Categories Earnings Call Transcripts, Finance

First Financial Bancorp (NASDAQ: FFBC) Q1 2020 Earnings Call Transcript

FFBC Earnings Call - Final Transcript

First Financial Bancorp  (FFBC) Q1 2020 earnings call dated Apr. 21, 2020

Corporate Participants:

Scott T. Crawley — Corporate Controller and Principal Accounting Officer

Archie M. Brown — President, Chief Executive Officer and Director

James M. Anderson — Executive Vice President and Chief Financial Officer

William R. Harrod — Executive Vice President and Chief Credit Officer

Analyst:

Christopher McGratty — KBW — Analyst

Scott Siefers — Piper Sandler — Analyst

Presentation:

Operator

Good morning. Welcome to the First Financial First Quarter 2020 Earnings Conference Call and Webcast. [Operator Instructions] Please note that this event is being recorded.

I would now like to turn the conference over to Scott Crawley, Controller. Go ahead.

Scott T. Crawley — Corporate Controller and Principal Accounting Officer

Thank you, Kate. Good morning, everyone, and thank you for joining us on today’s conference call to discuss First Financial Bancorp’s first quarter 2020 financial results. Participating on today’s call will be Archie Brown, President and Chief Executive Officer; Jamie Anderson, Chief Financial Officer; and Bill Harrod, Chief Credit Officer.

Both the press release we issued yesterday and the accompanying slide presentation are available on our website at www.bankatfirst.com under the Investor Relations section. We will make reference to the slides contained in the accompanying presentation during today’s call. Additionally, please refer to the forward-looking statement disclosure contained in the first quarter 2020 earnings release, as well as our SEC filings for a full discussion of the company’s risk factors. The information we provide today is accurate as of March 31st 2020, and we will not be updating any forward-looking statements to reflect facts or circumstances after this call.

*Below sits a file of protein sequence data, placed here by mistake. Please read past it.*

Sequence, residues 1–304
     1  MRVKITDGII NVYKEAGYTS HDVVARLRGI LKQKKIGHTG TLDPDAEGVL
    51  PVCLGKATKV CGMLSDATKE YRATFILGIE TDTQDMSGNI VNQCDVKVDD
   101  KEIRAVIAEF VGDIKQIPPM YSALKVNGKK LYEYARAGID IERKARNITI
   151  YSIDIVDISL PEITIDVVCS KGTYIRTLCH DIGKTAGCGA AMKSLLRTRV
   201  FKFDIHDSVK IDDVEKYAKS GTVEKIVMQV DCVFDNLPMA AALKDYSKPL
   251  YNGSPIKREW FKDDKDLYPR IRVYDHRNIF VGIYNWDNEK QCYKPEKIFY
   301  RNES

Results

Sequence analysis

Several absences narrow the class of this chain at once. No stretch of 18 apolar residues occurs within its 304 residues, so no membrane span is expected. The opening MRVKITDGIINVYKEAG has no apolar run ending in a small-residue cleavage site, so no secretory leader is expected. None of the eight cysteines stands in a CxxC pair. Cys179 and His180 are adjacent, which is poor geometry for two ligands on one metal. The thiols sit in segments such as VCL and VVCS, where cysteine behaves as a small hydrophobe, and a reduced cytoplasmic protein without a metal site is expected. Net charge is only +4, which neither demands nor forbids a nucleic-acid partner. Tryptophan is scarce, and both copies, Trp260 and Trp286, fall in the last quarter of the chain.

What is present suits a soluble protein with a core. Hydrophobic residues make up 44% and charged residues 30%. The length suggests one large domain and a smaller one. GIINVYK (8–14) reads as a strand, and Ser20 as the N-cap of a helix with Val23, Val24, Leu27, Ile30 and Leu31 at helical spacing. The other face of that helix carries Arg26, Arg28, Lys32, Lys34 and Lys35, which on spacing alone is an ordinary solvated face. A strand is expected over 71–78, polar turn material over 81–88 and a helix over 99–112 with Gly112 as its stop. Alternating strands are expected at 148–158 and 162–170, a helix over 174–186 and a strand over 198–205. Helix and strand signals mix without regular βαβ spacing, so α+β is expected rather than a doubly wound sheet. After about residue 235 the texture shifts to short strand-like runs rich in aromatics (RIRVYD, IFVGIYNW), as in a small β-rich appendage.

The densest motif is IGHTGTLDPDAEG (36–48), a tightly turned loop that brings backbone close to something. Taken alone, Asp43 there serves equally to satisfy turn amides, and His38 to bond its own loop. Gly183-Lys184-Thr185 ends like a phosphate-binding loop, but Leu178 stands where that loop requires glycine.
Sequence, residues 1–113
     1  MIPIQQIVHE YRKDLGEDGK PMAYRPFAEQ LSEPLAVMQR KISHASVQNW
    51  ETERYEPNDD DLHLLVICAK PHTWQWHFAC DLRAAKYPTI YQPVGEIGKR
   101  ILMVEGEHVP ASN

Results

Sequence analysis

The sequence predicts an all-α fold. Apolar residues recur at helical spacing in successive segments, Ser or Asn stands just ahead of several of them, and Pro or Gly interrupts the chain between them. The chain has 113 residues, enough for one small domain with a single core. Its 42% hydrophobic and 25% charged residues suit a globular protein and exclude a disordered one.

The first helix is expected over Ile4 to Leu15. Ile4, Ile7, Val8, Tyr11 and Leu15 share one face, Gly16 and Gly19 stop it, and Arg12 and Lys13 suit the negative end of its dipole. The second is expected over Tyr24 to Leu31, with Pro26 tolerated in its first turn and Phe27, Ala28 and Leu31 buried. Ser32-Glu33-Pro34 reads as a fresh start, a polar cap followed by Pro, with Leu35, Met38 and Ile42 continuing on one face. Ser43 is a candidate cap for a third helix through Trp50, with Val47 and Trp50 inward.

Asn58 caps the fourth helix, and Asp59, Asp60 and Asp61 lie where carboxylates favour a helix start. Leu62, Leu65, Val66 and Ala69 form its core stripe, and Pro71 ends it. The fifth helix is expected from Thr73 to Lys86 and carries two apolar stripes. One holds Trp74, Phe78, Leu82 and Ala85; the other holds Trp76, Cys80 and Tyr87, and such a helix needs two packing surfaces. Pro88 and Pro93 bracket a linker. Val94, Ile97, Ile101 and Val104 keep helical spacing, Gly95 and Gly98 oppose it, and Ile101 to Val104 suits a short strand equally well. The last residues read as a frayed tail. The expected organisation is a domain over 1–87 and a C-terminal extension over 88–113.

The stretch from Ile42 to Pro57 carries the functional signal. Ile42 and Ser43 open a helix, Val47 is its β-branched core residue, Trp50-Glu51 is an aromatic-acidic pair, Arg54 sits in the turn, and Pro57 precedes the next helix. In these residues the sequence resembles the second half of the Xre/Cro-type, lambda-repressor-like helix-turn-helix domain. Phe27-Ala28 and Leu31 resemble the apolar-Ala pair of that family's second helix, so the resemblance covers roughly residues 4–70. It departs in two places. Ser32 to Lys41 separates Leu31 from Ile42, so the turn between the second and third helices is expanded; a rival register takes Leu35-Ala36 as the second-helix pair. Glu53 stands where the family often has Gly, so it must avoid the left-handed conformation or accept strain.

I’ll now turn the call over to Archie Brown.

Archie M. Brown — President, Chief Executive Officer and Director

Thank you, Scott. Good morning, everyone, and thank you for joining us on today’s call. Yesterday afternoon, we announced our financial results for the first quarter. To say the events of the last few months are unprecedented seems like an understatement. While the first half of the quarter was marked by strong financial performance, March was characterized by economic and logistical upheaval and uncertainty. There are very few areas of our client base, our associate base or our operations not impacted by the COVID-19 crisis in some way.